Internet Shakespeare Editions

About this text

  • Title: Galathea (Modern)
  • Editor: David Bevington

  • Copyright David Bevington. This text may be freely used for educational, non-profit purposes; for all other uses contact the Editor.
    Author: John Lyly
    Editor: David Bevington
    Peer Reviewed

    Galathea (Modern)

    [Enter] Augur, Melibeus, Tityrus, [and] Populus.
    This is the day wherein you must satisfy Neptune and save yourselves. Call together your fair daughters, and for a sacrifice take the fairest; for better it is to offer a virgin than suffer ruin. If you think it against nature to sacrifice your children, think it 700also against sense to destroy your country. If you imagine Neptune pitiless to desire such a prey, confess yourselves perverse to deserve such a punishment. You see this tree, this fatal tree, whose leaves, though they glister like gold, yet it threateneth to fair virgins grief. To this tree must the beautifullest be bound until the monster Agar carry her away, and, if the monster come not, then assure yourselves that the fairest is concealed; and then your country shall be destroyed. Therefore consult with 705yourselves, not as fathers of children, but as favorers of your country. Let Neptune have his right if you will have your quiet. Thus have I warned you to be careful, and would wish you to be wise, knowing that whoso hath the fairest daughter hath the greatest fortune, in losing one to save all. And so I depart to provide ceremonies for the sacrifice, and command you to bring the sacrifice.
    Exit Augur.
    They say, Tityrus, that you have a fair daughter. If it be so, 710dissemble not, for you shall be a fortunate father. It is a thing holy to preserve one's country, and honorable to be the cause.
    Indeed, Melibeus, I have heard you boast that you had a fair daughter, than the which none was more beautiful. I hope you are not so careful of a child that you will be careless of your country, or add so much to nature that you will 715detract from wisdom.
    I must confess that I had a daughter, and I know you have; but alas! My child's cradle was her grave and her swath-clout her winding sheet. I would she had lived till now. She should willingly have died now; for what could have happened to poor Melibeus more comfortable than to be the father of a fair child and sweet country?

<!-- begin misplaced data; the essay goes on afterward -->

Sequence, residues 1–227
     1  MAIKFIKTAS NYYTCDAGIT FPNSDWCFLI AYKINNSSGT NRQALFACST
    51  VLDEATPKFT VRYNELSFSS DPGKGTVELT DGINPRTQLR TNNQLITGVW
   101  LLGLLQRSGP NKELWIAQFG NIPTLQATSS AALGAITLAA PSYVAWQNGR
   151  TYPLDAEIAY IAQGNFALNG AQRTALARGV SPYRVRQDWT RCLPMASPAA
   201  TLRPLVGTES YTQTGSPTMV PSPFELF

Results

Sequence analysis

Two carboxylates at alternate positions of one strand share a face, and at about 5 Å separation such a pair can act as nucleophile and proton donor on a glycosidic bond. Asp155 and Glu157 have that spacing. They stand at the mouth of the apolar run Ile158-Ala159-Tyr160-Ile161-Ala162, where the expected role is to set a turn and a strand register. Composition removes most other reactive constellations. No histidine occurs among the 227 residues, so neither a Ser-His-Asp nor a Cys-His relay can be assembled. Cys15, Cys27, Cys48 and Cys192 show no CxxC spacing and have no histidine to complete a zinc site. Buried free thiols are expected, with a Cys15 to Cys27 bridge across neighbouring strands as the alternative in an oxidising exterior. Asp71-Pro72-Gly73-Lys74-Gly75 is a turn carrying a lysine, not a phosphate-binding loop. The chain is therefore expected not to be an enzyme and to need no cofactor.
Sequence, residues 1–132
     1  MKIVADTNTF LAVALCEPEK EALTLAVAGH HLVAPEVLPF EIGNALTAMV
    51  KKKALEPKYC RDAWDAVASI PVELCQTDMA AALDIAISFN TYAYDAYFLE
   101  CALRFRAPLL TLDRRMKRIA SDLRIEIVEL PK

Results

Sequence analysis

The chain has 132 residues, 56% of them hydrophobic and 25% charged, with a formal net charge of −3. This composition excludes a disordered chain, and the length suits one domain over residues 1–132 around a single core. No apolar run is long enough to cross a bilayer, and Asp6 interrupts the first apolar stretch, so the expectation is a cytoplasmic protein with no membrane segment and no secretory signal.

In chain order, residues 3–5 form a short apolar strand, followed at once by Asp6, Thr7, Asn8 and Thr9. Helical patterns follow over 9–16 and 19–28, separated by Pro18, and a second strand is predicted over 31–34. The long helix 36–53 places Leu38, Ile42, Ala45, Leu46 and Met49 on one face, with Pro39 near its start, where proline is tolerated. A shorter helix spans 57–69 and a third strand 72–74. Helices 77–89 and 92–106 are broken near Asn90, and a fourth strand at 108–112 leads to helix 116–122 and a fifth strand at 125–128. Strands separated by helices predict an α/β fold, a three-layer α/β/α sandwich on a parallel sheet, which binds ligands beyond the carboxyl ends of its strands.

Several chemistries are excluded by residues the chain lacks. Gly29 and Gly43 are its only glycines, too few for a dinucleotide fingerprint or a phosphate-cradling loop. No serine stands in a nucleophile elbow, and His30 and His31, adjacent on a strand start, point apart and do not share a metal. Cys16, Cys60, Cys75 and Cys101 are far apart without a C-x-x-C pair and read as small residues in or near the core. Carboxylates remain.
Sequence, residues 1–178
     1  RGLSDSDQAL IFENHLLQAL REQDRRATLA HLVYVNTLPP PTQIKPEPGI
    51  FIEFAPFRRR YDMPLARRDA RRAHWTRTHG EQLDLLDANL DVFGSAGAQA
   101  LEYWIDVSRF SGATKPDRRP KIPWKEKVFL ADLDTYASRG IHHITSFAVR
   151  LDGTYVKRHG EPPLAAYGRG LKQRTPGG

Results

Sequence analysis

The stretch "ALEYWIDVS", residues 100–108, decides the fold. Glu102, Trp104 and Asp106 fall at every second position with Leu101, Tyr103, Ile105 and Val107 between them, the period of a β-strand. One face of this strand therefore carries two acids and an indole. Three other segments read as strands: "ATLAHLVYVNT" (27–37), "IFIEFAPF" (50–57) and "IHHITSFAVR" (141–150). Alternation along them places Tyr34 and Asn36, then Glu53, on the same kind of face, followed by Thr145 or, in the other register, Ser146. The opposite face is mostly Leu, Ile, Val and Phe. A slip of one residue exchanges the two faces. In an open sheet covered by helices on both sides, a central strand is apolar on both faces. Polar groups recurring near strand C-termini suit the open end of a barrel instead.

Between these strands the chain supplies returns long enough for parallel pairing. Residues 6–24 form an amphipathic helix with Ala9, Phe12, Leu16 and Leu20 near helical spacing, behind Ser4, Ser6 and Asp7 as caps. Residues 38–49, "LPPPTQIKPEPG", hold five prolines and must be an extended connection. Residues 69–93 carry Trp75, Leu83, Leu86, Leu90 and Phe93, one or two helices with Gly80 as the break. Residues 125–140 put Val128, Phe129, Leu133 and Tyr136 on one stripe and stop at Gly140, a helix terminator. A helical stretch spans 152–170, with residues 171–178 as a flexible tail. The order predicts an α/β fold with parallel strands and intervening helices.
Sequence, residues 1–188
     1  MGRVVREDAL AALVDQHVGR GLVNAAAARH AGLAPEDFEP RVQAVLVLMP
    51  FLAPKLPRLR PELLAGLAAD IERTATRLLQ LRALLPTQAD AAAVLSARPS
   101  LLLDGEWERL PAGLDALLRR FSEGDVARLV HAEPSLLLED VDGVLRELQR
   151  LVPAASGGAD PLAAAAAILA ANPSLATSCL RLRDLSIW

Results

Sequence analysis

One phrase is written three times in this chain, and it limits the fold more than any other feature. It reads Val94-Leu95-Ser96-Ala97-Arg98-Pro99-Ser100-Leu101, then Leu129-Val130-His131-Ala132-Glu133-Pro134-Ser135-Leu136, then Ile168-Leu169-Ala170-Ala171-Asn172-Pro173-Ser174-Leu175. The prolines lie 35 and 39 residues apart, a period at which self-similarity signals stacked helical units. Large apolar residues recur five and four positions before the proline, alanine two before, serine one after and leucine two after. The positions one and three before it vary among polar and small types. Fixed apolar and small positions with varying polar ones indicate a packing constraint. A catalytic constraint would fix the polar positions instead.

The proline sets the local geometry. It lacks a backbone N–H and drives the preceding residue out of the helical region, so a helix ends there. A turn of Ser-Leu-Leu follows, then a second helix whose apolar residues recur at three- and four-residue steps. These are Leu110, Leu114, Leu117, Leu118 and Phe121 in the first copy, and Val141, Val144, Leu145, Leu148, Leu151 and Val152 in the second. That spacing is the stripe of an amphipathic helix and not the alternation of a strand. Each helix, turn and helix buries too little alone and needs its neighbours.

Oh, Melibeus, dissemble you may with men; deceive the gods you cannot. Did not I see (and very lately see) your daughter in your arms, whenas you gave her infinite kisses with affection I fear me more then fatherly? You have conveyed her away that you might cast us all away, bereaving her the honor of her beauty and us the benefit, preferring a common inconvenience before a private mischief.
    It is a bad cloth, Tityrus, that will take no color, and a simple father that can use no cunning. You make the people believe that you wish well when you practice nothing but ill, wishing to be thought religious towards the gods when I know you deceitful towards men. You cannot overreach me, Tityrus; overshoot yourself you may. It is a wily mouse that will breed in the cat's ear, and he must halt cunningly that will deceive a cripple. 730Did you ever see me kiss my daughter? You are deceived; it was my wife. And if you thought so young a piece unfit for so old a person, and therefore imagined it to be my child, not my spouse, you must know that silver hairs delight in golden locks, and the old fancies crave young nurses, and frosty years must be thawed by youthful fires. But this matter set aside, you have a fair daughter, Tityrus, and it is pity you are so fond a father.
    You are both either too fond or too froward, for, whilst you dispute to save your daughters, we neglect to prevent our destruction.
    Come, let us away and seek out a sacrifice. We must sift out their cunning, and let them shift for themselves.